- The Washington Times - Thursday, October 5, 2017

Republicans powered their 2018 budget through the House on Thursday, overcoming months of disagreements and taking the first concrete step in their quest to pass a massive tax reform by year’s end.

Across the Capitol, meanwhile, Senate Republicans cleared their own version of the 2018 blueprint through the Budget Committee, setting up a floor fight later this month and an eventual meeting to work out differences with the House.

Approving a budget is the key to unlocking fast-track legislative procedures that will allow Republicans to avoid a Senate filibuster and pass their tax overhaul without having to compromise with Democrats.

“We are closer than ever to finishing what we have started for the American people,” said House Ways and Means Committee Chairman Kevin Brady, the Texas Republican who is Congress’ chief tax-law writer. “More jobs, fairer taxes and bigger paychecks are on the horizon.”

The votes were called after long negotiations in both chambers over spending levels and the sizes of tax cuts.

House conservatives had demanded an outline of the tax reform package before allowing a vote on the budget, and their leaders last week released a detailed plan that called for lowering income tax rates for corporations, slashing the individual code to three brackets and doubling the standard deduction to leave more Americans owing no income taxes at all.

The blueprint has already begun to draw fire, however, with Republican leaders saying they may curtail their plans to eliminate a break for state and local tax payments.

If they do jettison or scale back those plans, they will have to either reduce their overall tax goals or make up the money elsewhere.

The size of the deficit is already a sticking point for House and Senate negotiators.

The Senate plan would allow for $1.5 trillion more in deficits from tax reform, while the House plan anticipates that the tax legislation wouldn’t add to deficits at all.

The House blueprint sets discretionary spending for 2018 at about $1.1 trillion and projects a $472 billion deficit in the new fiscal year — though it says a combination of future spending cuts and economic growth can get the budget to balance in 10 years.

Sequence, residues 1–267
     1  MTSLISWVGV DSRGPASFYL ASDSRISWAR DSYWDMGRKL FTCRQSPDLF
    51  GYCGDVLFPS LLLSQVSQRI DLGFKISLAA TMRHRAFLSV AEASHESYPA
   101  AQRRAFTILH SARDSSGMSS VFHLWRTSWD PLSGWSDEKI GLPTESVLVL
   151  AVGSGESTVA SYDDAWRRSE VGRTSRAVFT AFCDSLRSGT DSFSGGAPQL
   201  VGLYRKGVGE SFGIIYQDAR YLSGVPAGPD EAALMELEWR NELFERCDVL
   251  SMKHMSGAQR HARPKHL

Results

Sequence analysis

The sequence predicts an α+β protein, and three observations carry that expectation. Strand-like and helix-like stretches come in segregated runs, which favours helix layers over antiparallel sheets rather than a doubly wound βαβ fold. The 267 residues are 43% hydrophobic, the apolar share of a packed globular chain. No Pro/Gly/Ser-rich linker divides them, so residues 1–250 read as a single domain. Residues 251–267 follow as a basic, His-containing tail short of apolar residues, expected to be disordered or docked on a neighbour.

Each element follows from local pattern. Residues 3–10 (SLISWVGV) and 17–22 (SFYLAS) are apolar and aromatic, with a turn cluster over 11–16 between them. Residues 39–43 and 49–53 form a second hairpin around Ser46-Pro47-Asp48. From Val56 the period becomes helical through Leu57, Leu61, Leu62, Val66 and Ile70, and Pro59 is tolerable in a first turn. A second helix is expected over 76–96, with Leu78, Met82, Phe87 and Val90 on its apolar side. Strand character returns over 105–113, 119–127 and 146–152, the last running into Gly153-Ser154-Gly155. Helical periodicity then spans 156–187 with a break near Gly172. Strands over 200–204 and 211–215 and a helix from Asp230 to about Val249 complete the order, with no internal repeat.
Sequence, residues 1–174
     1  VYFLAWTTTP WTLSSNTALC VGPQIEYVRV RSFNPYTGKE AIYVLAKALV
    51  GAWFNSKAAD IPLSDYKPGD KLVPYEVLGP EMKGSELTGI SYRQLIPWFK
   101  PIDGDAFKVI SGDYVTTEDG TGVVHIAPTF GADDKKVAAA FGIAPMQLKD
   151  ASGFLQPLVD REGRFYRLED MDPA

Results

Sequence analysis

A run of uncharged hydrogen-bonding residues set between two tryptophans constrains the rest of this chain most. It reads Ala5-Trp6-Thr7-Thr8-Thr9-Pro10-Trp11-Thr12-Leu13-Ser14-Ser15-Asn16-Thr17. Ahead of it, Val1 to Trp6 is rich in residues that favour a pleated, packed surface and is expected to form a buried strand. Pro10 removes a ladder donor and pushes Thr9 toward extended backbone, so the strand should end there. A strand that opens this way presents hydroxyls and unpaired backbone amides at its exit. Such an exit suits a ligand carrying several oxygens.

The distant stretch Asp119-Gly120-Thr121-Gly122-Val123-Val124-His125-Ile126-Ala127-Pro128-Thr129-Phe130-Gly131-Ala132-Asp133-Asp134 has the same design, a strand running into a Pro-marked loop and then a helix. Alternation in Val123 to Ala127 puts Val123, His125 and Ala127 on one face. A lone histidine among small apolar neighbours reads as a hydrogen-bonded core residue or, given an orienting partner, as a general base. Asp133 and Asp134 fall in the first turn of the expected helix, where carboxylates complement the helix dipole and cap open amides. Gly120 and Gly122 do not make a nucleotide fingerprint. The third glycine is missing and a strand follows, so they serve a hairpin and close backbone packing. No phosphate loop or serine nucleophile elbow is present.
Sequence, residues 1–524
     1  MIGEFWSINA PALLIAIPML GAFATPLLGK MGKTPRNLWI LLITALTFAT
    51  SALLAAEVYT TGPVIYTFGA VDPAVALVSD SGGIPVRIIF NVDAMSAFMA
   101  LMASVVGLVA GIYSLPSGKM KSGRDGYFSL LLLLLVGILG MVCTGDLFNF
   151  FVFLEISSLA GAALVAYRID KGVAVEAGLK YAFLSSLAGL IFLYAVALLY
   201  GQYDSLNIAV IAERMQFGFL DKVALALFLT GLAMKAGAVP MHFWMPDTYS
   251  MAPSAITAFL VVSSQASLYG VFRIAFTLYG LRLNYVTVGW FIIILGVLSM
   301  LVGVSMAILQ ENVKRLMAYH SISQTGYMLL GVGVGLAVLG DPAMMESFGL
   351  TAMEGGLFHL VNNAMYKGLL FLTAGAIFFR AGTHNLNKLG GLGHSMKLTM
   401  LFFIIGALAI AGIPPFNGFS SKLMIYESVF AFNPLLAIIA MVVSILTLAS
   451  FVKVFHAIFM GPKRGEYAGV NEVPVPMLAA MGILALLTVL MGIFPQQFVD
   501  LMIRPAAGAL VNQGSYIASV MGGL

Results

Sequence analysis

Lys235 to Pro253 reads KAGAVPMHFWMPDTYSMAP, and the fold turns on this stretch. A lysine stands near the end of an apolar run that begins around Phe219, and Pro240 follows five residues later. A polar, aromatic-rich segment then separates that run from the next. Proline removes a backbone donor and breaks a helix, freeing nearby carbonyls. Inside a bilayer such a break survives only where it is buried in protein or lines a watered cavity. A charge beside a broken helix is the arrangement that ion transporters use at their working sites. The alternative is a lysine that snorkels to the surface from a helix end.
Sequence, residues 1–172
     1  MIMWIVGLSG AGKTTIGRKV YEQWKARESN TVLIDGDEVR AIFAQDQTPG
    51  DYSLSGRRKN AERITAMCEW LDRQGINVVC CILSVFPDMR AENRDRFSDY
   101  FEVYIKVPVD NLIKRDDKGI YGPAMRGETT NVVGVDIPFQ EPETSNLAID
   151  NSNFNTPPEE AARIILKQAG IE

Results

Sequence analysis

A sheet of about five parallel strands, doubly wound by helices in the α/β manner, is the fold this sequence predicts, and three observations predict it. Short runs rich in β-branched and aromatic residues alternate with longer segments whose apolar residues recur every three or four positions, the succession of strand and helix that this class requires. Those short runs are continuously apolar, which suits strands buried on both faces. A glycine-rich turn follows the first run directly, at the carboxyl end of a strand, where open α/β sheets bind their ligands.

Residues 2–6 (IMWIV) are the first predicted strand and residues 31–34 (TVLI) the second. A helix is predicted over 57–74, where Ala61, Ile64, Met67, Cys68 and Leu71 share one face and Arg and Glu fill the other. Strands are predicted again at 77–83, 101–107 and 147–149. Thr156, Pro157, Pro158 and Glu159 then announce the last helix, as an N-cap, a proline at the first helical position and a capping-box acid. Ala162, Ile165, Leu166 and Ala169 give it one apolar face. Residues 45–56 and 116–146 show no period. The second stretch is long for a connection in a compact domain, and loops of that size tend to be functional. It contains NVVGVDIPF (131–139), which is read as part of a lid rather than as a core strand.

The House budget includes instructions to about a dozen committees to find an additional $200 billion in mandatory savings and reforms — language not contained in the Senate plan.

The two plans also disagree over how to divide spending.

The Senate budget calls for $549 billion for the Pentagon’s base budget and $516 billion for domestic programs — both in line with projected mandatory spending caps laid out by the 2011 Budget Control Act.

The House budget calls for $621.5 billion in defense spending, breaking through the 2018 caps.

It takes 60 votes in the Senate to change the 2011 law and lift the caps, which lawmakers have done in the past.

Democrats, though, are likely to demand comparable increases to nondefense spending programs if defense hawks get their increase — a move that would split Republicans.

Democrats on Thursday painted the House and Senate plans as massive giveaways to the wealthy at the expense of federal programs such as Medicare and Medicaid, which they said would get deep cuts.

“I believe, and the people on our side believe, that the budget being brought forth is one of the most unfair and destructive budgets ever proposed in the modern history of this country,” said Sen. Bernard Sanders, a Vermont independent who serves as ranking member on the Senate Budget Committee.

Republicans in both chambers touted their spending plans as responsible frameworks that try to rein in out-of-control federal spending.

But the main reason to pass a budget is to unlock the ability to fast-track tax reform.

“The goal of this legislation is to enable subsequent tax reform that can restore the economic growth we’ve been waiting so long to enjoy,” said Sen. Patrick J. Toomey, Pennsylvania Republican and a member of the Budget Committee.

The House cleared its budget on a 219-206 vote, with 18 Republicans joining 188 Democrats to vote no.

Rep. Barbara Comstock, a Republican, said she is a strong supporter of tax relief but couldn’t support the plan because of its negative effects on the federal workforce, a key constituency in her Northern Virginia district.

“As I have consistently maintained, we cannot balance the federal budget on the backs of our federal workforce,” Mrs. Comstock said.

In the upper chamber, the bill cleared committee on a 12-11, party-line vote.

Sen. Bob Corker, Tennessee Republican, voted to advance the budget through committee but said he plans to oppose any plan that adds even one penny to the deficit — a dicey proposition as Republicans hunt for revenue sources to pay for rate cuts.

“I’d like to see us do tax reform. I just want to put a marker down there that I’m not interested in increasing our deficits,” Mr. Corker said this week. “I’m willing to look at reasonable assumptions, but count me out if it adds a penny to the deficit.”

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